In order to accommodate the large crowds for FC's Christmas and Easter Worship, over 20 separate Experiences are held during a 3-4 day period. In 2004, FC rented the American Airlines Center for its Christmas Worship Experience due to the NHL lockout which made the facility available[citation needed]. In 2005 it reverted to having multiple Worship Experiences at its campuses (11 at the Grapevine campus, five at Plano, three at Alliance, and two at Downtown).

Fellowship Church is the location for Ed Young's annual leadership conference, the C3 Conference, also known as the Creative Church Culture Conference.

In December 2005, Associated Press reported that Fellowship was one of several American mega-churches that would not hold services on Christmas Day, which in 2005 fell on a Sunday.[4] At least one talk show host (nationally syndicated radio host Mike Gallagher, featured on local radio station KRLD) criticized Fellowship's decision not to hold services that day, since Sunday is the traditional day of worship in Christianity.[citation needed]

The night before Super Bowl XLI, Fellowship gave away 2 tickets and airfare from its Grapevine Campus to the game.[5][6] In late 2008, Young encouraged the married couples of FC to engage in sexual intercourse every day for one week to attempt to strengthen the traditional family.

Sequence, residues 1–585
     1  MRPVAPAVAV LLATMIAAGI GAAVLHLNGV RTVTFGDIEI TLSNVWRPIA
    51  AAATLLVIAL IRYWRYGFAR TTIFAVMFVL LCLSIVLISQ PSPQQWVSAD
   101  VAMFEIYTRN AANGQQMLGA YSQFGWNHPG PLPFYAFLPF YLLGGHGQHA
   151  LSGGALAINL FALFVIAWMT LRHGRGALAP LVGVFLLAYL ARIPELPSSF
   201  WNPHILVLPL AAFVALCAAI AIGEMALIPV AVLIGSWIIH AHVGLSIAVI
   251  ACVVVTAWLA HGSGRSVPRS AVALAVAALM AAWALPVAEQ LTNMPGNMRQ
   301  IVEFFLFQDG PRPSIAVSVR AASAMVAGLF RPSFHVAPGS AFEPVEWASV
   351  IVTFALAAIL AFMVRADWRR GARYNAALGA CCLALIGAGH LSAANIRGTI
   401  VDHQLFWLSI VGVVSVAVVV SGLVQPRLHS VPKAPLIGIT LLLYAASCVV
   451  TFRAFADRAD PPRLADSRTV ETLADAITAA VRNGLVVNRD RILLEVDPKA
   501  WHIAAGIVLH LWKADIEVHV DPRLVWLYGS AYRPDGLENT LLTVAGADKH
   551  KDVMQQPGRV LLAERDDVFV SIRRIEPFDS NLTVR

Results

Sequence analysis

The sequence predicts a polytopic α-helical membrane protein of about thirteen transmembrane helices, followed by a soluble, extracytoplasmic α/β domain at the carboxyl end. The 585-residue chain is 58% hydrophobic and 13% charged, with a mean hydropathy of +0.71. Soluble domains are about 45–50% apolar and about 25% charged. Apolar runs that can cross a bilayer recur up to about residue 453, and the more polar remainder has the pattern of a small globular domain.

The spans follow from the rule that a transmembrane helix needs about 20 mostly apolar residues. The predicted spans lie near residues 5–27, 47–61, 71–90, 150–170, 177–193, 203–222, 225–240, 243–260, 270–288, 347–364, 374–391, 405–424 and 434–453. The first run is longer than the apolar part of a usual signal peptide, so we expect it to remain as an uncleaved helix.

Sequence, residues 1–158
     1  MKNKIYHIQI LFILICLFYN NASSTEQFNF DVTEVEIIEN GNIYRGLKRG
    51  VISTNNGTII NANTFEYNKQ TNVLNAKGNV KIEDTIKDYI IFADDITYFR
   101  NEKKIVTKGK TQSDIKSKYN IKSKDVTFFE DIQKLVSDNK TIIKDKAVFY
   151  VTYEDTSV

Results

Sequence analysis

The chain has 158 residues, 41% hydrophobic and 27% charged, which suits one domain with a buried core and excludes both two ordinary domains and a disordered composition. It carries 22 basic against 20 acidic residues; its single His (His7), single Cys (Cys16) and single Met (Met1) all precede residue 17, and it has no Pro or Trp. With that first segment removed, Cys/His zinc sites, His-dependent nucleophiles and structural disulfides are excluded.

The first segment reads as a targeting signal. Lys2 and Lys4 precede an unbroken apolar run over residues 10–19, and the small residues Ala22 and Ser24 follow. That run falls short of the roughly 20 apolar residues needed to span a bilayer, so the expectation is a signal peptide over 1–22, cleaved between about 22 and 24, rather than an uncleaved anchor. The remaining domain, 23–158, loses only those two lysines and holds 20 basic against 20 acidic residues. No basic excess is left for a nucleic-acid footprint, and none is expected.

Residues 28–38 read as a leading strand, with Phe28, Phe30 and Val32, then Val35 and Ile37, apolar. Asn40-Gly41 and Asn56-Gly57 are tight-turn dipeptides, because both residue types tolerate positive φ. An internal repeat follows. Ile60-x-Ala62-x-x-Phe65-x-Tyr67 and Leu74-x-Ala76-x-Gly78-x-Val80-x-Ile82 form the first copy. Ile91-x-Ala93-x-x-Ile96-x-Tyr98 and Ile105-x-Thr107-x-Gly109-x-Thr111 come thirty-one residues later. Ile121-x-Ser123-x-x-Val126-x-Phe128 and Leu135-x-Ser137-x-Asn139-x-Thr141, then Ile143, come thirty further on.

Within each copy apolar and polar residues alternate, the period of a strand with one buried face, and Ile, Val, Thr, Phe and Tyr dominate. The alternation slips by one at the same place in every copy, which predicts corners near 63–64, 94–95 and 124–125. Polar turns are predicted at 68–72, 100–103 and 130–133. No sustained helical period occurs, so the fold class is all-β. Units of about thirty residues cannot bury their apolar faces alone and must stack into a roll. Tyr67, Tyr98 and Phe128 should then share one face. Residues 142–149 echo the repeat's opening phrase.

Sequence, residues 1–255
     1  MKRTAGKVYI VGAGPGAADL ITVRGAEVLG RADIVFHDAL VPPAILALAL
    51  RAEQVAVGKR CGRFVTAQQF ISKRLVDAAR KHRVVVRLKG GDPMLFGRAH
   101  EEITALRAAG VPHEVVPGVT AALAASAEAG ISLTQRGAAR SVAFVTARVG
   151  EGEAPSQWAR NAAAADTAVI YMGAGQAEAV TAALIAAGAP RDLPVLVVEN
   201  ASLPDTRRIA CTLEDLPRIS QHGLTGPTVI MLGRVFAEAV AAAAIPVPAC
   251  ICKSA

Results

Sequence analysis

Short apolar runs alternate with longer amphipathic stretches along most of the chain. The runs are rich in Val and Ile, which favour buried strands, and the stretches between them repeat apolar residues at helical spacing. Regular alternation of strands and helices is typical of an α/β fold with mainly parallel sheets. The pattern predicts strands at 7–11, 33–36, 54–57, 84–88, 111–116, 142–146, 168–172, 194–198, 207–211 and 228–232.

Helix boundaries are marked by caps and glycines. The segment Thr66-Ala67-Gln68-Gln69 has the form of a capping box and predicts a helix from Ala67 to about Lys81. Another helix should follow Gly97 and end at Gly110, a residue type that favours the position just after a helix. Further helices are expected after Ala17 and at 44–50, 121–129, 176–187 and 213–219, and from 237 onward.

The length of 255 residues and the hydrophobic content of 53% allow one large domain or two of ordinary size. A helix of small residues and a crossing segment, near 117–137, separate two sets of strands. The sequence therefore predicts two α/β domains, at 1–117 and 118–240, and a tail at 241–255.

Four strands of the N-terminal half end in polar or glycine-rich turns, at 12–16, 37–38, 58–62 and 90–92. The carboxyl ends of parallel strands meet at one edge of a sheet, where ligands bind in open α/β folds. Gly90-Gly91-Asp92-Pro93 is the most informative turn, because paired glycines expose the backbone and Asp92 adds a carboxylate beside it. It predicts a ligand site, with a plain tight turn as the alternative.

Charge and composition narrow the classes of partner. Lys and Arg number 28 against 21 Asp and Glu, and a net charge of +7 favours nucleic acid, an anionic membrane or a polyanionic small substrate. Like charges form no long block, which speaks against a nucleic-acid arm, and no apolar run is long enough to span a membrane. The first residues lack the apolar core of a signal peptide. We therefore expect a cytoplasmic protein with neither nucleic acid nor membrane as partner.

In September 2007, FC launched a website, ineed2change.com, in conjunction with a sermon series of the same name.[7]

In September 2009, Fellowship Church in Grapevine hosted an ABC debate on adultery between Pastor Ed Young and AshleyMadison.com founder Noel Biderman.[8]

Shortly after the 2010 Haiti earthquake, Fellowship Church, in partnership with C3 Global, began to support local orphanages, providing food, water and medical supplies. Since then, Fellowship Church, C3 Global and its partner churches have provided over 8 million meals to orphans in Haiti[citation needed].

In January 2012, Pastor Ed and Lisa Young held a 24-hour bed-in on the roof of Fellowship Church in conjunction with the release of their book, "Sexperiment." The bed-in garnered international media attention as Ed and Lisa spoke with pastors and leaders from around the world on how to do marriage and sex God's way[citation needed].